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Found 3 results

  1. I have a wheatestone C/G anglo with the standard 30-button layout on which I play primarily irish music. I have seen some discussion on modified/hybrid layouts for ITM, but they have all been focused on the mid-range, usually focusing the C#. I am getting fairly comfortable with the wheatstone system in this sense, but there is one thing that has continued to bug me. I would really like to have the D below middle C to throw in chords. As it is I can throw in a nice low G, A or E and even the odd C, but the one I would get the most use out of for irish music woudl be that D. Does anyone have experience modifying the layout in this range? Are there any particular issues one might run into or reason's not to do it. I realize that there could be some issues with differently sized reeds on the low end. Here is the mod that seems the most obvious to me. Remove the low F natural on the pull (top row, far left) and replace that with the low G. (That low F is probably my least used button on the left hand side anyways). Then replace the existing low G pull (Mid row, far left) with a low D pull. It seems like this should be fine space-wise as the G should be the same length or shorter than the F, and the D would be on the same as the low C, so there should be room for it. Plus I think it should only require one new reed since the low-G would just be moved. Moreover this layout seems like it would have nice options for a DA fifth and and an inverted GD fifth on the pull in that leftmost column, As well as a nice D octave combo in the middle row. The lowG-mid D pull that I currently use on the pull would be slightly more awkward, but not prohibatively so. I would love to know if anyone has advice regarding either the ease with which I can find someone who make such a modification (It is beyond my own tinkering ability and comfort) and also if anyone has other alternative layouts for the low range. I am not in any particular hurry, but I do think I will want to do it eventually, maybe once it is in need of a general tuneup. Of course the other option would be down the road to look for a different instrument with more than 30 buttons, but I have a bad habit of acquiring too many instruments as it is. Thank you.
  2. Instead of going OT in the "chosing a system" thread I'm starting this new one: You read this all over, and of course it's true - in a way. But it should be mentioned that playing the EC "in any key" will be increasingly difficult if you're playing in sort of a "harmony style" like I do. I know Jim's reports that he doesn't find it that hard but from my experience everything beyond C/Am - G/Em - F/Dm (with the parallel modes and secondary dominants up to B7) will turn out to be difficult if you want to employ all six harmonic steps to a given scale. I had to explore D for the first TOTM tune - The Fiery Clock Face where I didn't have to apply F#m, but actually backed off from A until this very day. There's one song which simply doesn't sound well in G and is way too high for my voice in C, so it's A or Bb... For A, which I choose, you need (if not C#m) F#m and as a "fortified" secondary dominant to B even F#7, and you'll find the keyboard lacking the A# button (and the enharmonic equivalent - Bb - is located on the other side). Of course this can be rehearsed, and within a few days one might be safe in one additional key, but - long story short - as to easy access it's more that you have all the accidentals for the melody or certain modulations, whereas the choice of keys farther "away" from the home key (which is of course C/Am) will demand breaching the general pattern which is disturbing, at least at first... Instant access to playing in any key will be the main advantage of "isomorphic" Duet systems (although there seem to be some limitations with smaller keyboards where the player has to "jump" from one end to the other). The EC has a diatonic "core", and that I greatly appreciate! What do you think?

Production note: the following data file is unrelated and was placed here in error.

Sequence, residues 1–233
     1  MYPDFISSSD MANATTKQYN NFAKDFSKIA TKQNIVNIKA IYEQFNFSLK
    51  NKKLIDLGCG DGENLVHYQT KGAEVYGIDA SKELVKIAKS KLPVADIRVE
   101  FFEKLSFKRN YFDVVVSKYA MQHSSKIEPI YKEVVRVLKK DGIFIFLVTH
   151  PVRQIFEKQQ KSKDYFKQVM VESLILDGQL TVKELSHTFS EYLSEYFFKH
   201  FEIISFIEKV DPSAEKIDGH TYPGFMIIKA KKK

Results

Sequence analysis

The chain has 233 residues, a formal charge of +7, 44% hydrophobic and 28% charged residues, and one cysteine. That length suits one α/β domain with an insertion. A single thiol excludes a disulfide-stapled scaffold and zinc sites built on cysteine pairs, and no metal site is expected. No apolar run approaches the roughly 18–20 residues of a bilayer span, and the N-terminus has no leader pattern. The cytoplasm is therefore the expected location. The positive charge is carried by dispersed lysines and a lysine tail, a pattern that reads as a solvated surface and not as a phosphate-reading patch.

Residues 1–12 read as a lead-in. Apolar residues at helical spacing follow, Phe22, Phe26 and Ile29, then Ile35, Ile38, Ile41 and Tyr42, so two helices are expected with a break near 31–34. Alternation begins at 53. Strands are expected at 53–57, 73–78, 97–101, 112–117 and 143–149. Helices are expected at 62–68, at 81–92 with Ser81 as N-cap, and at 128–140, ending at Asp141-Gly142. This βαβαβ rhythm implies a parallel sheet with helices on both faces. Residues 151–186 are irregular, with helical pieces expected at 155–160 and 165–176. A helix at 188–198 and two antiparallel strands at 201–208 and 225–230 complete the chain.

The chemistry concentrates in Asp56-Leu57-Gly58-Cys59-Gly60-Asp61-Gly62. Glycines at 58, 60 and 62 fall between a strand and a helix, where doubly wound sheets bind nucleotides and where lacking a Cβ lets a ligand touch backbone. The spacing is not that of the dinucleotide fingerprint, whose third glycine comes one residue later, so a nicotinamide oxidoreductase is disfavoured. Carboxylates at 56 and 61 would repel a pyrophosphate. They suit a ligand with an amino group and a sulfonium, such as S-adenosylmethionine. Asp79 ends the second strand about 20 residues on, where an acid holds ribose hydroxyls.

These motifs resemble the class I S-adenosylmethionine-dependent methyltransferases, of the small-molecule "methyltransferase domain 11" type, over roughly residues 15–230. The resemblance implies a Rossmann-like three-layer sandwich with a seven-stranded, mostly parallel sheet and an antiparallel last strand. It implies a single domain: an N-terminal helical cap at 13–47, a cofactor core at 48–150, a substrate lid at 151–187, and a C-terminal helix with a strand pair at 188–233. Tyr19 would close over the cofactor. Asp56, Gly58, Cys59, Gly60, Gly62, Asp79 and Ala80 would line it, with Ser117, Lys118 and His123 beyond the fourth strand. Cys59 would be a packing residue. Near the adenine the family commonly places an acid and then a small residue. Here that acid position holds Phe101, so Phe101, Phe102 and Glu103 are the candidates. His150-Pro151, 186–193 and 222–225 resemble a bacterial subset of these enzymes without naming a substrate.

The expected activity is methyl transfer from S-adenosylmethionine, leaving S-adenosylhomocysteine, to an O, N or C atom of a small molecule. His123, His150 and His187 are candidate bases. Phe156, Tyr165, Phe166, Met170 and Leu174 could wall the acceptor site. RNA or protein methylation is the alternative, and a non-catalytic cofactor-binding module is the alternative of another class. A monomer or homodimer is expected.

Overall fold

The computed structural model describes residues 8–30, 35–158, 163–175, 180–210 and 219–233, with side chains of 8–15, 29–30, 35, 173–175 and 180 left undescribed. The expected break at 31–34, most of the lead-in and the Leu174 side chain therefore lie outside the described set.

3. The following quote is from the January 2014 "Tune of the Month" topic, but further discussion doesn't really belong there, so I've started a new topic here. Geoff, I thought you were also working with a Maccann duet. Have you given that up in favor of the Hayden? Or more generally, how do you find they compare? And if any of your toy's former owners are members here, it would be interesting to hear why they parted with it.
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